• Inshore Fishing

    Southport's David Mammay caught this huge flounder from the Cape Fear River on June 14, 2016.

    Southport minister catches huge Cape Fear flounder

    Before he received his calling to the pulpit, pastor David Mammay of Southport was one of the premiere inshore-nearshore guides around Southport, and it appears that he hasn't lost his touch, as evidenced by a 13.02-pound flounder he caught on June 14 in the Cape Fear River.

    June 15 at 9:50pm
    Trolling against the current and dragging baits across the bottom is a great way to cover water and run into a flounder in the process.

    Trolling is an overlooked and productive way to catch flounder

    Guides Toby Fulford and Kevin Sneed of Rigged & Ready Fishing Charters use similar live-bait trolling tactics for flounder.

    June 15 at 7:00am
    Beginning this fall, recreational fishermen will not be allowed to keep southern flounder caught in inside waters between Oct. 16 and Jan. 1.

    North Carolina finally buckles down to save southern flounder

    With a vote last fall, the N.C. Marine Fisheries Commission approved regulations to help rejuvenate southern flounder by amending season lengths and removing gill nets from inside waters.

    June 15 at 7:00am
    The lower Cape Fear River and Snow’s Cut provide flounder with the of the best habitat available along North Carolina’s coasts.

    Cape Fear, Snow’s Cut are great flounder habitat

    The waters of the lower Cape Fear River and Snow’s Cut have long been known as great places to catch flounder — and large flounder, too. The 20-pound, state-record flounder was caught there in 1980, and though flounder fishing in this area isn’t as good as it once was, it is still the primary location for fishermen trying to catch a flounder 10 pounds or heavier.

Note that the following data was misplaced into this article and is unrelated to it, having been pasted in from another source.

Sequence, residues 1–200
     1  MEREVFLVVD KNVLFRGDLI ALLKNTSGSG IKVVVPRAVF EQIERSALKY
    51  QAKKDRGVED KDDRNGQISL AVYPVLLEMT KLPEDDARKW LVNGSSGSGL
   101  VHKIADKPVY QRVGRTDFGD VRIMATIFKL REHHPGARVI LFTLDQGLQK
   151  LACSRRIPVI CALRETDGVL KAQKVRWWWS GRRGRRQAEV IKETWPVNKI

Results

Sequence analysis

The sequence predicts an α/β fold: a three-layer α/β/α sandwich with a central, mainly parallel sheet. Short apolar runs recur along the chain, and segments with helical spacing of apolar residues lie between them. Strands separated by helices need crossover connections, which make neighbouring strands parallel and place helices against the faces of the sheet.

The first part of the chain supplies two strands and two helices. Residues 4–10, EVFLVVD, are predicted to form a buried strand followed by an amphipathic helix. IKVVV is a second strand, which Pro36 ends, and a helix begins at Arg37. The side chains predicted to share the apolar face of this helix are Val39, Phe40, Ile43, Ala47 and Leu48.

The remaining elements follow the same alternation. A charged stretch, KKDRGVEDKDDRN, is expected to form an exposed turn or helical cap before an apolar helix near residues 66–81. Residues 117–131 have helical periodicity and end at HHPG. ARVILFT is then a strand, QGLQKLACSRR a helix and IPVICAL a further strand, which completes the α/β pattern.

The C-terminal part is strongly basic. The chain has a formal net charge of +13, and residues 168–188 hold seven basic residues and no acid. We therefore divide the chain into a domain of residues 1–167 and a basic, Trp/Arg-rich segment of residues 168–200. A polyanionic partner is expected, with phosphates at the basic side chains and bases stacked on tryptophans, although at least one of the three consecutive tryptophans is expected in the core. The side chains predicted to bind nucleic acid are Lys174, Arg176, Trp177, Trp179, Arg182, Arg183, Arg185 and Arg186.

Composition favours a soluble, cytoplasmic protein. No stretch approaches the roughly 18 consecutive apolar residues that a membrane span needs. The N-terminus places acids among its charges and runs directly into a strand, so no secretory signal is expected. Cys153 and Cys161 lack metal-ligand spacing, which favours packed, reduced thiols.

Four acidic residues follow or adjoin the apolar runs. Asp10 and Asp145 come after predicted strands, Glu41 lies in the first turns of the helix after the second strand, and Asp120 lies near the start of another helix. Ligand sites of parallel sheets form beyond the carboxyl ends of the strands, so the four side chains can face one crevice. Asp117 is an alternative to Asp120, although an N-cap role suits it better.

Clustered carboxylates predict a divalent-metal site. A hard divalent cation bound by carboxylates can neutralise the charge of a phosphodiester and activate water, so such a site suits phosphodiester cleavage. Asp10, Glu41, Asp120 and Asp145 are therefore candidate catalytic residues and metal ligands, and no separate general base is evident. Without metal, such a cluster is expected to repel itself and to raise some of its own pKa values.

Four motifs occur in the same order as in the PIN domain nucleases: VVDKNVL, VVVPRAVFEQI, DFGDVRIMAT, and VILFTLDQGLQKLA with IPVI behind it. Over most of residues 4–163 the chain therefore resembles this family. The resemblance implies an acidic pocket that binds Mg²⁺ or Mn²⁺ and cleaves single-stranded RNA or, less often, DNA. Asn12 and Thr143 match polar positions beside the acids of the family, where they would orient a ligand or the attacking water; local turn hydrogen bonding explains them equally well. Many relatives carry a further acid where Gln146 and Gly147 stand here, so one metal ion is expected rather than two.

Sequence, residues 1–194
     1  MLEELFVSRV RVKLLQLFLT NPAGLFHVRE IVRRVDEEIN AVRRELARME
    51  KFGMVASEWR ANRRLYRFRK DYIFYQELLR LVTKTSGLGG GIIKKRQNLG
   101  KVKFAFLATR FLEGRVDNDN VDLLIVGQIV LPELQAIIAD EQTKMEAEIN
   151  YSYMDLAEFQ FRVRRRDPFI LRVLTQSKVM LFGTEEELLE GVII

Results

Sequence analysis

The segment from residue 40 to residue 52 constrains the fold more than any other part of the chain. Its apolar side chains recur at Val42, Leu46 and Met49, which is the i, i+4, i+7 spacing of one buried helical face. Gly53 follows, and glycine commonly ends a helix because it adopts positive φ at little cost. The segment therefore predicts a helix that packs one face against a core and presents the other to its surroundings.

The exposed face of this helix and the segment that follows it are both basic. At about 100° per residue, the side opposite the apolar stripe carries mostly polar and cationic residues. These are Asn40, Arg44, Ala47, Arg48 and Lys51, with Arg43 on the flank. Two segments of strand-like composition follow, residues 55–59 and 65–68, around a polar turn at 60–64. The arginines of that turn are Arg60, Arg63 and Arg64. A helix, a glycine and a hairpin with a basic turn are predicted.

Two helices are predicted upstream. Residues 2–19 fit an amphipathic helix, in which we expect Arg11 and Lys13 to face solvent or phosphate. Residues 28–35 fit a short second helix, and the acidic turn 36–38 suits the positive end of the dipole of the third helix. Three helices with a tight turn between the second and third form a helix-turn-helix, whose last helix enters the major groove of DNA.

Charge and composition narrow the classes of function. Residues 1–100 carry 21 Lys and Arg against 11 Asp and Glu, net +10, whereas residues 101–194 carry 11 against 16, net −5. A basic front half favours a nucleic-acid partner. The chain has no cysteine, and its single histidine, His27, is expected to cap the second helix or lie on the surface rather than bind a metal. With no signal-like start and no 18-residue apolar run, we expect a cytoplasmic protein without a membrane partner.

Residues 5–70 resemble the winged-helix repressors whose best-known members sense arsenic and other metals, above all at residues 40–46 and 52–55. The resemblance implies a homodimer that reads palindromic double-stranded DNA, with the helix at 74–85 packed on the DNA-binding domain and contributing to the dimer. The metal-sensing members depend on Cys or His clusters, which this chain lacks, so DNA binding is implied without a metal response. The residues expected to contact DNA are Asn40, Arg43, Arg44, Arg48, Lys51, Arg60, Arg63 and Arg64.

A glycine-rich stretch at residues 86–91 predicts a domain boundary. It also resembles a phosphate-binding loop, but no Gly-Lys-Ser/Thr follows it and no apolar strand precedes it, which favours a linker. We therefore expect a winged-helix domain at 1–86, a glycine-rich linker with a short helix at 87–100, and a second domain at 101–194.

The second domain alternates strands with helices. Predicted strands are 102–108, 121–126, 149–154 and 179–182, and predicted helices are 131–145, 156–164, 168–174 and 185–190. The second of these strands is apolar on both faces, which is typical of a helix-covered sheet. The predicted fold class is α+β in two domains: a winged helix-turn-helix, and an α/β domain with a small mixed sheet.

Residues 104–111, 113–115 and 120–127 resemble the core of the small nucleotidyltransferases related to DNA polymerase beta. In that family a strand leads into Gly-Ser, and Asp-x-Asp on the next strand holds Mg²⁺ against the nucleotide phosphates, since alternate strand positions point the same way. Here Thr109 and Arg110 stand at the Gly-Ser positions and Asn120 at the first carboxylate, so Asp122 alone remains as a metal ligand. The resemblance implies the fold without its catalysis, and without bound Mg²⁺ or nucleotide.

June 15 at 7:00am
    Flounder will stack up around the slightest change in bottom structure or contour.

    A tip for finding nearshore flounder

    Far too many times, anglers stow just enough tethering rope to hold fast in the deepest water they anticipate to fish, if that. 

    June 15 at 7:00am
    Capt. Dennis Barbour poses with a nice flounder he caught along the southern coast of North Carolina.

    How to catch more flounder at low tide

    The inshore creeks and inlets between Little River and Sunset Beach are hot spots for flounder this time of year, and one trick to catching them is finding isolated pockets of water at dead low tide.

    June 07 at 9:48am
    St. Croix Avid Inshore

    St. Croix Avid Inshore

    Designed specifically for inshore saltwater angling, the Avid Inshore series from St. Croix Rod includes 22 spinning and casting models that will help you catch redfish, trout, flounder and drum. Avid Inshore features include Integrated Poly Curve tooling technology, super-grade cork handles tipped with corrosion-proof wind checks and Kigan Master Hand Zero Tangle guides with solid-titanium frames for the ultimate protection from saltwater conditions.

    June 01 at 7:00am
    Toby Fulford caught this nice keeper flounder on a live menhaden, a very common bait during the summer when they move through inlets into the marshes and creeks.

    Be a flounder pounder as June arrives along the coast of Brunswick County, N.C.

    As the days grow longer and warmer as May gets ready to give way to June, flounder fishing along the Brunswick County coast from Holden Beach west to the South Carolina state line gets tough to beat.

    That’s when finger mullet and menhaden, favorite meals of flounder, begin to stream through Mad, Tubbs, Lockwood Folly and Shallotte inlets into rivers and creeks and then spread across the marsh.

    June 01 at 7:00am